Drive & Kick: The San Antonio Spurs demonstrate how to space the floor and move as dribble penetration occurs in order to get an open shot.
The aim is to convince players that they are capable of achieving the goals that they have established or show that they are already doing so and should feel confident. Clearly, the clips mean to highlight process of executing the skill or concept, not the outcome of doing so at the professional level, since this is outside everyone’s locus of control at the moment.
Coaches must plan how they will communicate during the year. Define the terminology that will be used and be consistent (for screen and roll defense, will you use Ice, Down or Blue?). Even if it takes time time at the beginning of the season to plan how communication will take place is well worth the effort (Krzyzewski, The Gold Standard, 2009, p. 106). Relying on a core group of slogans or gestures will keep the team on-task during critical junctures.
Teams must also establish their values and the roles that each player will play. This can be decided in collaboration with team leaders and individual athletes. All communication will flow within this framework. The communication will exemplify to team’s values and help a player identify his role, own it and expand it.
- Boyst, J. P. (2009). An Examination of Sport Commitment in Collegiate Athletes. Retrieved March 9, 2015, from The University of North Carolina at Greensboro: http://libres.uncg.edu/ir/uncg/f/Boyst_uncg_0154M_10149.pdf.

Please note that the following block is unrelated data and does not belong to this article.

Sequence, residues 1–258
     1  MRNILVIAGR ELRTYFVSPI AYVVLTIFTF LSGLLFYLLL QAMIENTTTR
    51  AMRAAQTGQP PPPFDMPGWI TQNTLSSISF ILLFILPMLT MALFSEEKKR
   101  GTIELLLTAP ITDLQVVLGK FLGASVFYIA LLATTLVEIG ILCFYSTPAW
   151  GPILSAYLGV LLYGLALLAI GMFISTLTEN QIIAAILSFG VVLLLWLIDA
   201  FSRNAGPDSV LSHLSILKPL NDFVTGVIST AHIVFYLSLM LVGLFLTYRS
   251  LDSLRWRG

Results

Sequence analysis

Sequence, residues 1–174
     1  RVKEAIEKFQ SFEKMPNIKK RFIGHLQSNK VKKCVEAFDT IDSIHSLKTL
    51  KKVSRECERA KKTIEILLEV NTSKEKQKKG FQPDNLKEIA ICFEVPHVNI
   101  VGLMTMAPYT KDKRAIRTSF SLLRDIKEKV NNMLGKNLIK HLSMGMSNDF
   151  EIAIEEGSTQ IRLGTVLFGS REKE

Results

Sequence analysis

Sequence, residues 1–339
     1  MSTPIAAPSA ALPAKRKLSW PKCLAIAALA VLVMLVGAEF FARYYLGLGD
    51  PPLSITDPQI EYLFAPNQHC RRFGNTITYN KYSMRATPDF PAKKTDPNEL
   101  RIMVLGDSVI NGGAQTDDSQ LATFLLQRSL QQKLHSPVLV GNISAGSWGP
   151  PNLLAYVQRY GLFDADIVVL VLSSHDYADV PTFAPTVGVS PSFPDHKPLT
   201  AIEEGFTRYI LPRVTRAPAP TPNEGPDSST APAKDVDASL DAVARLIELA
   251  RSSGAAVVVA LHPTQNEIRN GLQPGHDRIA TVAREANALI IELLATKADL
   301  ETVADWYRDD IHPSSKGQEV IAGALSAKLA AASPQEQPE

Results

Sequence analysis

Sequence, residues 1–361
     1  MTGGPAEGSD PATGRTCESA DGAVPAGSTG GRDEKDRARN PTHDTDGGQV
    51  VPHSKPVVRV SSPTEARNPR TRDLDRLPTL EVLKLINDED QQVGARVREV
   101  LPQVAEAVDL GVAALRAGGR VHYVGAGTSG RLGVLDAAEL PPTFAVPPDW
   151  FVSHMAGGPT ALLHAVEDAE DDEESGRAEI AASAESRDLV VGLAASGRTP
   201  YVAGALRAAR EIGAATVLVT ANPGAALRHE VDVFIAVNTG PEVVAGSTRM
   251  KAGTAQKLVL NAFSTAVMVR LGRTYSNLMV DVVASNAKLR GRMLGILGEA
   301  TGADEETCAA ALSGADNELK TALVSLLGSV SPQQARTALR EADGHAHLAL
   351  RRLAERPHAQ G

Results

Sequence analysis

- Cacciola, S. (2015, March 13). Key to Hawks’ Team Play: Nourish the Individual. Retrieved March 26, 2015, from New York Times: http://www.nytimes.com/2015/03/15/sports/basketball/secret-to-atlanta-hawks-team-play-nourish-the-individual.html.
- Calipari, J. (2014). Players First. New York City: The Penguin Press.
- Dansereau, D. F., Knight, D. K., & Flynn, P. M. (2013, August). Improving Adolescent Judgment and Decision Making. Professional Psychology: Research and Practice, 44(4), 274-282.
- Harle, S. (2015, Winter). Why Coaches Need to Tell the Truth. Retrieved March 11, 2015, from Coaches Plan: http://www.coachesplan-digital.com/coachesplan/Winter_2015#pg13.
- Janse van Rensburg, L., Hewitt, M., & Bussin, M. (2013, June). An Integrated Coaching Model in the Context of E-Coaching. Retrieved March 26, 2015, from Leon Janse van Rensburg: http://www.academia.edu/4439523/An_Integrated_Coaching_Model_in_the_Context_of_E-Coaching.
- Krzyzewski, M. (2006). Beyond Basketball. New York City: Hachette Group U.S.A.
- Krzyzewski, M. (2009). The Gold Standard. New York City: Hachette Book Group.
- Pitino, R. (2014). The One-Day Contract. New York City: St. Martin’s Griffin.
- Rovell, D. (2015, March 26). Dean Smith remembers players in will. Retrieved March 26, 2015, from ESPN.com: http://espn.go.com/mens-college-basketball/story/_/id/12563125/former-north-carolina-tar-heels-coach-dean-smith-leaves-200-letterman.
- Stein, A. & Bradley, A. (2015, March 19). How to coach the un-coachable. Hardwood Hustle. Podcast retrieved from http://itunes.apple.com/ca/podcast/ep.-134-how-to-coach-coachable/id658885222?i=337995193.
- Tapscott, D. (2009). Grown Up Digital. Toronto: McGraw-Hill.